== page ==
Join the Club

Extracurricular activities tied to success.

When asked about his years in high school, Max is just as apt to talk about his extracurricular activities as his academic subjects. He played rugby and ultimate Frisbee, sang in the choir and was part of the yearbook committee.

“While working on the yearbook, I learned all about production, photography, design software, people skills, deadlines, as well as getting to know the other students and teachers,” he says. “It was a huge amount of work, but the relationships I made and the skills I learned were invaluable.”

Max’s mother Jennifer says that his experiences helped him integrate into high school. The family had moved here from England when Max was about to start Grade 9, and through his many activities, she says, he quickly became immersed in school life.

Local mom Jill has also seen the benefits of her kids’ involvement in clubs. Laurence, in Grade 7, belongs to the science fair and library clubs. “Both clubs have really helped him,” says Jill. “This year he travelled to the national science fair competition, where he received a lot of interest in his experiment. It really helped his self esteem.”

Jill’s daughter Elise, in Grade 3, is in the choir, the garden club, and the “kindergarten club” where she reads stories to the younger kids. Frances, in Grade 5, plays basketball at lunch, and is part of the playground running club. Says Jill: “These kinds of activities get kids out of their immediate age group and classroom, where they can interact with older and younger students, and perhaps demonstrate and learn different things than they would in the classroom. The experience gives them a broader perspective.”

Wide range available

There is a wide range of clubs, organizations, sports and interest groups available in elementary and secondary schools, including safety patrol groups, book clubs, science fair groups, student councils, debating and public speaking clubs, chess and games clubs, office and kindergarten helpers, nature clubs, knitting and other crafts, culinary arts, drama, and improv. Music is also a major area of interest, with choirs, bands, African drumming, or musical theatre. And then there are sports – volleyball, three-pitch, skipping, soccer, cross-country running, badminton, rowing, football, or rugby.

There’s also a new breed of club – environmental groups, social justice activities, and computer 

clubs – which have evolved over the years to reflect changes in society.

Acquiring new skills

“I’m a huge supporter of extracurricular activities – I think they have tremendous benefit to kids, socially, as well as academically,” says Rusty Hick, Director of Education with the Kawartha Pine Ridge District School Board. “Not only do the kids make new friends, but they stay engaged in school, by balancing fun with work.”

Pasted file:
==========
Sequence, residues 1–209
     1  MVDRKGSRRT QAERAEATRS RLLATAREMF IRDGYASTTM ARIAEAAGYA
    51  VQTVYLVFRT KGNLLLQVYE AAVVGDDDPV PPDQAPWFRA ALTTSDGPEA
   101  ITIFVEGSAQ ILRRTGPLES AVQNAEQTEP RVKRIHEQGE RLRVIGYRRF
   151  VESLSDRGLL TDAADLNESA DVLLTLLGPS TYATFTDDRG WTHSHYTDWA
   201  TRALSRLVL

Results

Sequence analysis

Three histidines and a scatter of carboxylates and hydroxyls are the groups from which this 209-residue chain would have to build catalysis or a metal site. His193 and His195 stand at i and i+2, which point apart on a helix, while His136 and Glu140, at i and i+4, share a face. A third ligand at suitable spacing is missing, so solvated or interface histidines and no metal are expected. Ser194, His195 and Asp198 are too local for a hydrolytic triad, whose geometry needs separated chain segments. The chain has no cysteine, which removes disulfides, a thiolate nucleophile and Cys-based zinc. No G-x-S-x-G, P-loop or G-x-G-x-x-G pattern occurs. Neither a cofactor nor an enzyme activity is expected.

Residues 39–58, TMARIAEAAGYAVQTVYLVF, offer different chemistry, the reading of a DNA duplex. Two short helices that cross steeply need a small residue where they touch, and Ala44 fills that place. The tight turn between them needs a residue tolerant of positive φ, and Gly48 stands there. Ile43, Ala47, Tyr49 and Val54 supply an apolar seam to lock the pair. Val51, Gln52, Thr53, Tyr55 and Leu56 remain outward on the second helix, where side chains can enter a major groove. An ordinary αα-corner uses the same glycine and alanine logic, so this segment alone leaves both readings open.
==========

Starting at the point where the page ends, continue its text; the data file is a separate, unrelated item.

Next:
In addition, kids also develop leadership and organizational skills, and learn how to contribute to the community, says Greg Reeves, Director of Education at the Peterborough Victoria Northumberland Clarington Catholic School Board. “Students also gain valuable team building skills through their involvements,” he says.

Educators also stress that children like to be part of a group, and that it’s best for them to be part of a healthy, constructive group like a club. School clubs allow kids to get to know adults in a safe environment, and encourage kids to volunteer, helping younger kids or encouraging their peers.

Benefits down the road

Rusty Hick says that studies have shown that the more students are involved in these activities, the more successful they are later in life. He cites two examples: Barbara Mervin, who played rugby throughout her high school years, and is now on the Canada’s National Senior Women’s Rugby Team, and Jonathan Goad who, “acted in school plays and musicals and worked his passion into a successful career as a renowned actor at the Stratford Shakespeare Festival.”

Max has seen the tangible results of his experience on the yearbook committee – he was able to get a summer job two years in a row working in the library at a government ministry. “The skills I learned while being part of the yearbook committee really helped me. It looks fantastic on my resume and is also important when applying for university scholarships,” he says.

“My advice to other kids is to get involved as much as you can, as all the experiences you can have are very useful for the rest of your life.”

Author: Joanne Culley

Joanne Culley is a writer and documentary producer with two sons; joanne.culley@sympatico.ca or www.joanneculleymediaproductions.com.

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